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typedef struct Model
    int recordId;
    char *name;

typedef struct ModelArray
    //keeps the size that the array was initially create with. When more elements are needed
    //we use this to add that many more elements
    int originalSize;
    //total number of elements that can be used
    int elements;
    //total number of elements used
    int count;
    //the actual array is stored here
    Model *source;

void initModelArray(ModelArray *array, int numberOfElements)
    array->originalSize = numberOfElements;
    array->elements = numberOfElements;
    array->count = 0;
    array->source = malloc(sizeof(Model)*numberOfElements);//0 bytes in 3 blocks are definitely lost in loss record 1 of 65

void deallocModelArray(ModelArray *array)
    if(array == NULL)

    array->elements = 0;
    array->count = 0;
    array->source = NULL;

main(int argc, const char * argv[])
    ModelArray *models = malloc(sizeof(ModelArray));
    initModelArray(models, 10);

What is lost? Code looks fine to me. I'm sure I could say array->source = NULL first but it's not needed, right?

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"//for shortness I left out dealloc code" -- then we can't see what you did or didn't deallocate. – Fred Larson Jun 20 '11 at 17:04
The deallocation code is pretty important here. Also, without seeing valgrind's message it's impossible to know what's leaking. My bet would be on 'source' not being deallocated before 'models' is freed, but I'm just guessing here. I shouldn't be. – Ori Pessach Jun 20 '11 at 17:04
You ask about memory leaks and "for shortness" you leave the dealloc code? It would be helpful if you included the code even though the question length might suffer. – Karel Petranek Jun 20 '11 at 17:05
Please provide the 'dealloc code'. As written the program trivially leaks memory. If there is a memory leak it is likely due to an error in the deallocation logic, which you don't provide. – acm Jun 20 '11 at 17:06
Your code doesn't compile. I've fixed incorrect struct uses, compiled and valgrind is not reporting leaks. Please paste a self-contained example. – MK. Jun 20 '11 at 17:09

2 Answers 2

up vote 7 down vote accepted

To deallocate these structures correctly, you need to do the following, in this order:


If you do anything else, you're leaking memory.


OK, having seen the Model struct, you're probably leaking the names, or at least valgrind thinks you do because you deallocate the ModelArray structure, which contains a pointer to a Model structure, which contains a char* which you don't free first.


int i;
for( i=0; i<models->originalSize; i++ ) {
    if( models->source[i]->name != NULL ) {
        free( models->source[i]->name );

And it would be a good idea to use calloc() instead of malloc() when allocating models->source in the first place. This will set all the name pointers to 0. Without this, the test for models->source[i]->name being non-NULL above might fail if name happens to contain some garbage (since using uninitialized memory produces undefined behavior.)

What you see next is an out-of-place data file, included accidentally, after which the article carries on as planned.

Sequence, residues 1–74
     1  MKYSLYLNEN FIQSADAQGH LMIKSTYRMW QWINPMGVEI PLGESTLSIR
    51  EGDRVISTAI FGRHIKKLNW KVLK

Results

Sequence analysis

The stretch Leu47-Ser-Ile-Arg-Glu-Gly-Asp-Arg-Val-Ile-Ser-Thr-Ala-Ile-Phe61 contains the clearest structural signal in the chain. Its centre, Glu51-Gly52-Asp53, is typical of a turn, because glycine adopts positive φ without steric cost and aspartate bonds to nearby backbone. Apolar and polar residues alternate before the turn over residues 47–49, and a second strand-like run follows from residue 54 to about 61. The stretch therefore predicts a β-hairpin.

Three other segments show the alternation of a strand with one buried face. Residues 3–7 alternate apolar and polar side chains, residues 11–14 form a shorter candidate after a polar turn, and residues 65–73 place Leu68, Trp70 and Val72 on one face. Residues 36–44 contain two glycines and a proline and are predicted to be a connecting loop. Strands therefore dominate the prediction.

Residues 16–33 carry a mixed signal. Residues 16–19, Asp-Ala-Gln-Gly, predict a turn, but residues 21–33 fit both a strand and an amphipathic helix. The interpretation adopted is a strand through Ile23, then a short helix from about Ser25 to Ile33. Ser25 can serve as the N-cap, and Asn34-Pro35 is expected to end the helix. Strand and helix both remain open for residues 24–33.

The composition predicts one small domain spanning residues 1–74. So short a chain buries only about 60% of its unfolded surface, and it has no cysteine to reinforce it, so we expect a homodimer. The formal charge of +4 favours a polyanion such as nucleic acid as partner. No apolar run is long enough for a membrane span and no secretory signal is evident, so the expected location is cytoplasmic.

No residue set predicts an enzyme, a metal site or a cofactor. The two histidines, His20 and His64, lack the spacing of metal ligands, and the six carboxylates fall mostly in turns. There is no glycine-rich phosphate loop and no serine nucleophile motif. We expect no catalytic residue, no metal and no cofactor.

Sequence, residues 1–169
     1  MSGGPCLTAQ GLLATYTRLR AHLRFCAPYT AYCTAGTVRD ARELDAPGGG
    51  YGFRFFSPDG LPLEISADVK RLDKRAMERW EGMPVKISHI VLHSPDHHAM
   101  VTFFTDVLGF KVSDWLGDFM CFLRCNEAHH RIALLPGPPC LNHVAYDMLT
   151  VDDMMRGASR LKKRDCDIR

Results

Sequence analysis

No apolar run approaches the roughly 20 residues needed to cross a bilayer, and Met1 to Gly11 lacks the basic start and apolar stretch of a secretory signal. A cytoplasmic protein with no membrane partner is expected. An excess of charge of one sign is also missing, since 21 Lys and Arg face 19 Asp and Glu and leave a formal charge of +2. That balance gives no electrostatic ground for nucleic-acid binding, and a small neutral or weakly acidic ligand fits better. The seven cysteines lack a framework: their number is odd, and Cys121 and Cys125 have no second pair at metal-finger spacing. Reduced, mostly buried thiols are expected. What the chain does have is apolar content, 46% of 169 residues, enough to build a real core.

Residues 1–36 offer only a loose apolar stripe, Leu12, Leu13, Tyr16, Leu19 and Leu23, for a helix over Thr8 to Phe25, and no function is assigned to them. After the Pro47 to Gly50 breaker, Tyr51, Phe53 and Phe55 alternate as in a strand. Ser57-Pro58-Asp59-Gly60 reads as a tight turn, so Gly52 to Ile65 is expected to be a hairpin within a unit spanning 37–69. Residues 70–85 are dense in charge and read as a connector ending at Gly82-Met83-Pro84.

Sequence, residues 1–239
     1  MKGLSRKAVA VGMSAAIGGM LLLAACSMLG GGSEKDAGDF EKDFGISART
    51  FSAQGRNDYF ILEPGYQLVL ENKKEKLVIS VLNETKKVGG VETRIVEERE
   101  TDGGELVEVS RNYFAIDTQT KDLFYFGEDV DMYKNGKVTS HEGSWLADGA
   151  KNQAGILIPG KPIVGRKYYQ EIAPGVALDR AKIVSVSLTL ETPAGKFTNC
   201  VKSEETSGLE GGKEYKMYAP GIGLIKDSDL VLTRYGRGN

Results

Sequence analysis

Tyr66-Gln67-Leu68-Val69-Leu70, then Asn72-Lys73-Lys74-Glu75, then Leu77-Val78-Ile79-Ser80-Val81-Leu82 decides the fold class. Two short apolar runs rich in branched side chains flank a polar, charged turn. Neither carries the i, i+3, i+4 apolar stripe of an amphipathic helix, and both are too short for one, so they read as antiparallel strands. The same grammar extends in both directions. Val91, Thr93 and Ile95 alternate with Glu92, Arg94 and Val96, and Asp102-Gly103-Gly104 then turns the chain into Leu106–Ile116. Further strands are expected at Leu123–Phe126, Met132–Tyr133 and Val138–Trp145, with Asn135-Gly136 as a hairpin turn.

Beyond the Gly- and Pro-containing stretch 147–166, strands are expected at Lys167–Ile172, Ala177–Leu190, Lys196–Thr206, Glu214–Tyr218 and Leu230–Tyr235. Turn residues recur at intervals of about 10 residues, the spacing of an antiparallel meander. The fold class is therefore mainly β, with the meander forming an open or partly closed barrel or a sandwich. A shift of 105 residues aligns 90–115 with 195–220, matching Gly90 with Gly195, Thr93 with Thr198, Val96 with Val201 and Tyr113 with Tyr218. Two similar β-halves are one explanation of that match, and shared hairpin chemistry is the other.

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I bet he has free(moedls) but not free(models->source) – MK. Jun 20 '11 at 17:12

Er... Yes, the memory is lost. Of course, it is lost, since you "left out dealloc code"!

How could you possibly expect anyone to answer your question when you "left out dealloc code"? The very essence of your question is whether your dealloc code is correct or not. And you decided to leave it out?

On top of that, there quite a few thing that make little sense in your code. What is

typedef struct ModelArray {
  Model *source; 
} Model;

supposed to mean? Why are you typedefing struct ModelArray as Model? In fact, your code will not even compile, since Model * is used inside the struct, where it is not declared yet. You also use ModelArray type in your code, while in reality there's no such type. You have struct ModelArray, but not just ModelArray. The code you posted is not real code. Post real code, please. (Apparently it was supposed to be typedef struct ModelArray { ... } ModelArray; with Model defined elsewhere.)

Finally, as an unrelated note, // comments is a C99 feature. In C99 the function return type cannot be omitted (no "implicit int" rule in C99), meaning that you have to declare your main function as int main.

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this is not really an answer, just a repeat of existing comments. – AShelly Jun 20 '11 at 17:11
This looks like a comment rather that an answer... – BlackBear Jun 20 '11 at 17:11
Whether this repeats the comments or not, this is a answer. And the answer is "yes". – AnT Jun 20 '11 at 17:13
@AndreyT: before your edit (which I haven't seen when posted my comment) it doens't answer the "What is lost?" part. And about the Model var inside the Model struct I don't agree, linked list are done this way – BlackBear Jun 20 '11 at 17:18
BlackBear: Incorrect. Linked list is not "done this way". The code will not even compile, as I said above. Pay attention to the code, please. In C language when you are referring to the type that is being declared, you are forced to use the full name struct TYPE. You cannot use a typedef name that has not been declared yet. – AnT Jun 20 '11 at 17:22

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